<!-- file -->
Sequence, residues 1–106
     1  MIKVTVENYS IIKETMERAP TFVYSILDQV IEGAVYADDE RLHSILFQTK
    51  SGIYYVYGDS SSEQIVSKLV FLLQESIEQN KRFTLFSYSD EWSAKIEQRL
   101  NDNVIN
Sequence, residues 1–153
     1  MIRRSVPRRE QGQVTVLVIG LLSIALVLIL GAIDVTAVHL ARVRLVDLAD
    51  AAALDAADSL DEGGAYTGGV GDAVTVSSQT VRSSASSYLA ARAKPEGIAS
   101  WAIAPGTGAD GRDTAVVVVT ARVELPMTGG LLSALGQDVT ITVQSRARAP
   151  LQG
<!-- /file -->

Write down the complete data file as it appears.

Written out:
Sequence, residues 1–106
     1  MIKVTVENYS IIKETMERAP TFVYSILDQV IEGAVYADDE RLHSILFQTK
    51  SGIYYVYGDS SSEQIVSKLV FLLQESIEQN KRFTLFSYSD EWSAKIEQRL
   101  NDNVIN
Sequence, residues 1–153
     1  MIRRSVPRRE QGQVTVLVIG LLSIALVLIL GAIDVTAVHL ARVRLVDLAD
    51  AAALDAADSL DEGGAYTGGV GDAVTVSSQT VRSSASSYLA ARAKPEGIAS
   101  WAIAPGTGAD GRDTAVVVVT ARVELPMTGG LLSALGQDVT ITVQSRARAP
   151  LQG